Beer then wine, you'll be fine
July 09 2015
Remember the old adage ‘never mix grape and grain’?
For three years running we’ve taken a perverse pleasure in challenging this taboo with a series of wine inspired beers celebrating the grape harvest.
If you find the idea of wine beer challenging, then perhaps it’s best to think of these brews as fruit beers… just fruit beers made with grapes. Does that make it feel better?
With each beer we’ve taken the basic idea of infusing each batch of wort (the brewed liquid that will become beer) with freshly crushed grape juice and then fermenting the two together. The result is much more than just wine added to beer. The fermented comingling of the two liquids is truly an illicit tryst, all the more intense by its forbidden nature – almost like a romance between the offspring of feuding families.
For our first harvest we brewed Sauvin Nouveau, a pilsner wort, extravagantly hopped with Nelson Sauvin hops, and then ferment with freshly pressed Sauvignon Blanc juice from Martinborough’s wonderful Palliser Estate. Maybe it was wrong, but it felt so right - so right in fact that the following year we brewed it again, and added the Pinot Noir inspired Château Aro, a dark rubescent beer, brewed with not only the freshly crushed juice but also the skins of pinot noir grapes from the award winning Escarpment Winery.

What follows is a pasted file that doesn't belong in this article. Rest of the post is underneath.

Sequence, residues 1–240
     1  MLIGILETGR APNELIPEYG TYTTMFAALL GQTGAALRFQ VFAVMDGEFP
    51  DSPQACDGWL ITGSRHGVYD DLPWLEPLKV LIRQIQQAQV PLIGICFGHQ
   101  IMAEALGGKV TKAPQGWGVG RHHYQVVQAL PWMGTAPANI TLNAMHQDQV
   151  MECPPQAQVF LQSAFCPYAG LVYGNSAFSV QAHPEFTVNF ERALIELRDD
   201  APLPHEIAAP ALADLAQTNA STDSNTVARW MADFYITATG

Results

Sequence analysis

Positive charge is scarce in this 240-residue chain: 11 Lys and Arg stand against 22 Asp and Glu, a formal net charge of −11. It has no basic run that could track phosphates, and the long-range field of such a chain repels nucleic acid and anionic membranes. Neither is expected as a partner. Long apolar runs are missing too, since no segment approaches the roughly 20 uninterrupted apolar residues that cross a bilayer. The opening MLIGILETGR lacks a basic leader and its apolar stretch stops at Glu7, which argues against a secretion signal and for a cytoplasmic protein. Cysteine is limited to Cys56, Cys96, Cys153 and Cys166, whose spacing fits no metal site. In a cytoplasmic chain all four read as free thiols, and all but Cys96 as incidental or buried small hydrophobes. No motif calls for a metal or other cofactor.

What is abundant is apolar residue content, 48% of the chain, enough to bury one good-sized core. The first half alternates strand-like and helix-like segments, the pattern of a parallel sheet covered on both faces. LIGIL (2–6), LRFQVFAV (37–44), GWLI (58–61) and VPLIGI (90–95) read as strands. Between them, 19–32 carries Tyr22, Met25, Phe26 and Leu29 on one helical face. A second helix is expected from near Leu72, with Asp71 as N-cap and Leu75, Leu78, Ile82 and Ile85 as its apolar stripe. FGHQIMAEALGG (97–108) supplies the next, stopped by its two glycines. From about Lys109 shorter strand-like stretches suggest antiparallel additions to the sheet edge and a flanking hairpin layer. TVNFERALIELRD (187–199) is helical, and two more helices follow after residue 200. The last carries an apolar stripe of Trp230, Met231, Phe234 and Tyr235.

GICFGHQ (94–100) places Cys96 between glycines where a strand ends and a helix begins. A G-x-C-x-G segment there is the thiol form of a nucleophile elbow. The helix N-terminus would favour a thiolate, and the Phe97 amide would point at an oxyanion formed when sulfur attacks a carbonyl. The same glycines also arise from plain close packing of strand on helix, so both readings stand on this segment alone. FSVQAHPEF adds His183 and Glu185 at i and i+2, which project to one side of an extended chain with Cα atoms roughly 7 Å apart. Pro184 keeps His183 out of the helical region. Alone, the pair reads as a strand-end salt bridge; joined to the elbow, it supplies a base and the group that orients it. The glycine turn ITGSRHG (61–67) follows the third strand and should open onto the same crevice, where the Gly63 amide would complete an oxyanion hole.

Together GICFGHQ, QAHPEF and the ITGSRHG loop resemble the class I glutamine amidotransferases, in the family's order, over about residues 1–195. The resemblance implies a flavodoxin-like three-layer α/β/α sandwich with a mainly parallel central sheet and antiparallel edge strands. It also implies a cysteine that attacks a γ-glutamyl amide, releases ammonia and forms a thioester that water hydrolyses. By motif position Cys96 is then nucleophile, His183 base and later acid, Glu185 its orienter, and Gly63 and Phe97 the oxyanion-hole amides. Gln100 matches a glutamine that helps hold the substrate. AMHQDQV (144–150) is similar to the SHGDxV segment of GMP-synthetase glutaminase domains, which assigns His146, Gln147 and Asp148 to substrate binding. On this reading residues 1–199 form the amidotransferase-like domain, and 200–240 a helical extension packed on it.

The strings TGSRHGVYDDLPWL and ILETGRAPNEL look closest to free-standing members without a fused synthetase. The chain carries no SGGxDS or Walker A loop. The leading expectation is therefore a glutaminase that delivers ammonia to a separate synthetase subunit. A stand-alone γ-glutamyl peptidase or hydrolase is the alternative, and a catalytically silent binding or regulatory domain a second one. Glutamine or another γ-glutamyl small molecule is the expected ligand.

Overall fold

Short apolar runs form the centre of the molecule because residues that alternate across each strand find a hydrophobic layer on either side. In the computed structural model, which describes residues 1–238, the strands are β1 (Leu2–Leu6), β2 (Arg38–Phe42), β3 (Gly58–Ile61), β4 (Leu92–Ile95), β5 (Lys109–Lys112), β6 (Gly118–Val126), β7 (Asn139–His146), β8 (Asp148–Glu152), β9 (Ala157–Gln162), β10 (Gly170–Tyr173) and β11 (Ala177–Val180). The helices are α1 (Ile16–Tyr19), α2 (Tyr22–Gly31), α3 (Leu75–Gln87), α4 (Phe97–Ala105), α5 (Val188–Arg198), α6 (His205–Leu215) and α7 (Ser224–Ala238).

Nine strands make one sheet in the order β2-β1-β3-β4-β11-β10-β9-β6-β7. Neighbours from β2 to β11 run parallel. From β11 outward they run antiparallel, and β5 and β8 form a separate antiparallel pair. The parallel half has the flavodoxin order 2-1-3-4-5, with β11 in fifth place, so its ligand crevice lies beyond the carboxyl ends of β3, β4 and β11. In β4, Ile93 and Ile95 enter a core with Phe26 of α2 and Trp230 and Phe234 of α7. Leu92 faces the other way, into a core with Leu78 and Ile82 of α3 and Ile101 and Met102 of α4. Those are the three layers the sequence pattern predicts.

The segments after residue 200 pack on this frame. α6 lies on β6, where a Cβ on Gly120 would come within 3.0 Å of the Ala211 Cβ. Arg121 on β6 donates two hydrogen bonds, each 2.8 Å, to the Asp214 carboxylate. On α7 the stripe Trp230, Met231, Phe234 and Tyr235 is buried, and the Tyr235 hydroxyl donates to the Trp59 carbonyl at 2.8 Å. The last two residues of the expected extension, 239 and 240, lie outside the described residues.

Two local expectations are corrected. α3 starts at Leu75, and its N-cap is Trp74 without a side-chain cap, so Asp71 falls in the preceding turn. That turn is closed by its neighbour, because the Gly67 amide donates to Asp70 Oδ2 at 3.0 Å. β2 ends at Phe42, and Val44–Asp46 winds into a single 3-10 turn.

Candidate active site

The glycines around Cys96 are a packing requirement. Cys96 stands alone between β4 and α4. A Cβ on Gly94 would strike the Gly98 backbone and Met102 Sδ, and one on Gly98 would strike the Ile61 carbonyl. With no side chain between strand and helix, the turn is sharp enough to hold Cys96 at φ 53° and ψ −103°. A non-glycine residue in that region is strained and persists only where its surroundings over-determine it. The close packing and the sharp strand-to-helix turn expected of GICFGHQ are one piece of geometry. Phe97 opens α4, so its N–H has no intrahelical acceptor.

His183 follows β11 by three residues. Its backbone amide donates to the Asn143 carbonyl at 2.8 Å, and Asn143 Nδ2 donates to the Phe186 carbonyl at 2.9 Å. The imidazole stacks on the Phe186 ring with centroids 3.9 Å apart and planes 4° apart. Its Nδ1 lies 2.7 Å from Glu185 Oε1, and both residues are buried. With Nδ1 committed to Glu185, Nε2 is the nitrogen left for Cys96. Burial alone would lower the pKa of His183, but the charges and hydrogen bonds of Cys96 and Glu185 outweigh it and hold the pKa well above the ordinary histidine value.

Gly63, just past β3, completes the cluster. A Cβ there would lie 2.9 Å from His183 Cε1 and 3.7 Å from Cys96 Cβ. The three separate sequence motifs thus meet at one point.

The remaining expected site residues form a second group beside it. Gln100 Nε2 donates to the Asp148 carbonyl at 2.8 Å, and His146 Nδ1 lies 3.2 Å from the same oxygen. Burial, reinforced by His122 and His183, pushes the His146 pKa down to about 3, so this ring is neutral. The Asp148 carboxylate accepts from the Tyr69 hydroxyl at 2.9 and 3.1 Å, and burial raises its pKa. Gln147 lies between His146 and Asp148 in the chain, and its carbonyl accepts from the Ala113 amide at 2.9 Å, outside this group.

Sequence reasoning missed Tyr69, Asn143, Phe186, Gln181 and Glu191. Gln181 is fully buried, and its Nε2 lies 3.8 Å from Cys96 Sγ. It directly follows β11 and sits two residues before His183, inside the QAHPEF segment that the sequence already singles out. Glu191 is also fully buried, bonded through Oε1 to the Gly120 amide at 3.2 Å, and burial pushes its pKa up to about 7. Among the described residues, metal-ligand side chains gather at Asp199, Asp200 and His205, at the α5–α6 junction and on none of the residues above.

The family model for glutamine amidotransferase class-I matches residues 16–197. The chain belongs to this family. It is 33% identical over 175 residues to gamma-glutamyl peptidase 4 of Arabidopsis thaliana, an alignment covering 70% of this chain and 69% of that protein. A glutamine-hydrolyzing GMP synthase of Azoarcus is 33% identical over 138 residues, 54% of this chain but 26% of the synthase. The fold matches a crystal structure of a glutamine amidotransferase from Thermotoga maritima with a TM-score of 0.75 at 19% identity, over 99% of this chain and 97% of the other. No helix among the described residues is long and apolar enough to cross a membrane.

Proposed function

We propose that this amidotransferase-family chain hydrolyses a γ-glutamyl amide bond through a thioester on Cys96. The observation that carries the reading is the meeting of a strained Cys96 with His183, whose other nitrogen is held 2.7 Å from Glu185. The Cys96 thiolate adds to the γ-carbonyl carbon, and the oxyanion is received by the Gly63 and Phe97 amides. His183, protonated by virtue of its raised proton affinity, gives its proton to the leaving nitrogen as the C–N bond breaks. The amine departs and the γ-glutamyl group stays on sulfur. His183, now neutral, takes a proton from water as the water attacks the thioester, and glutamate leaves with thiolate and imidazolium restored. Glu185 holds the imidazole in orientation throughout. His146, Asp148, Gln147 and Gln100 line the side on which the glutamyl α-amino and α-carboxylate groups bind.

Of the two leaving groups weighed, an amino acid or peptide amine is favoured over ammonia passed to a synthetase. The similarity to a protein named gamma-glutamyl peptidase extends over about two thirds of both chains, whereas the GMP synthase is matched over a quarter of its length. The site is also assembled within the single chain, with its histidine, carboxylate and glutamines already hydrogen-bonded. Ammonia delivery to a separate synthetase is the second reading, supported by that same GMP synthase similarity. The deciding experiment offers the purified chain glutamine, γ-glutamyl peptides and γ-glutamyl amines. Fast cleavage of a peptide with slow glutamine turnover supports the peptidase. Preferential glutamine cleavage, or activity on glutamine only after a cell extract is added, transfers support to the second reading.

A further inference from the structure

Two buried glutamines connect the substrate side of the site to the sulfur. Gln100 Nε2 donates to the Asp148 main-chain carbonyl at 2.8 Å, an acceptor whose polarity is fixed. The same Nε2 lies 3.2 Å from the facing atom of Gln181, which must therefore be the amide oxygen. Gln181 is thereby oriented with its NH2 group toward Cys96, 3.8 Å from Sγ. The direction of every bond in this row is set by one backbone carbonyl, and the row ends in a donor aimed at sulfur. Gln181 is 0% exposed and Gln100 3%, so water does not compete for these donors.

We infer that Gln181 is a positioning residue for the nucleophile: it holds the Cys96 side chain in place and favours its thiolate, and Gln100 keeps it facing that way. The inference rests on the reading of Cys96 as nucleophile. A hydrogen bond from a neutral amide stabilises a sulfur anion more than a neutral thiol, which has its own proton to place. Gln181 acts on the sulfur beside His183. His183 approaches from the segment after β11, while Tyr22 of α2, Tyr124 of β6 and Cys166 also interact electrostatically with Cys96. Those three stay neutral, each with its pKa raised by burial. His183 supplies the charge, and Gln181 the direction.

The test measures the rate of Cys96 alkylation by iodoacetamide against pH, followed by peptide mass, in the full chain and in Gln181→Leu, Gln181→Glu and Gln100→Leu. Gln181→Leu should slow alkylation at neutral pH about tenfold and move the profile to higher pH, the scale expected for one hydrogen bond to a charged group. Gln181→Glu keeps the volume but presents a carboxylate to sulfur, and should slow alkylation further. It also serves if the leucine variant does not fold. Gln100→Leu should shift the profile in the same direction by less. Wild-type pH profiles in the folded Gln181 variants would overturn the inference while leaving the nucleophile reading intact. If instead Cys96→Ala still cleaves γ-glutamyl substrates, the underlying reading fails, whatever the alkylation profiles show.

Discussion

For the 2015 vintage, Sauvin Nouveau is back. Château Aro is too, but this year’s vintage has been tucked away in freshly emptied Escarpment oak pinot barrels, to be seen again at a later date.
But this year I also wanted to try one more brew. Now I’ll premise this by saying that I am very fond of this beer, but it is imperfect. The idea was to create a Rosé inspired beer – a pale pilsner, brewed with the same hop variety we used for our Hop Trial No. 1, infused with Pinot juice and rested on the red Pinot skins for 48 hours, enough time to lend the brew a pink hue, but not the tannins associated with longer contact with the skins.
It was a beautiful plan. In practice, after running in the wort and Pinot juice there was bugger all room left in the tank for all the skins we’d planned to add, so with beer gushing out of the top of the tank we crammed in what we could and had to call it quits.
So the result is not quite what I had envisaged – the colour change from pale pilsner was wonderful, but only to the point that is described in rosé parlance as ‘onion skin’ orange with a light blush of pink in the foam. I’d hoped for a richer hue, perhaps a light rose petal pink. However, any disappointment is tempered by the delightful crisp citrus and strawberry notes of the beer itself.
Brewing is full of lessons. Next year more skins… and a bigger tank.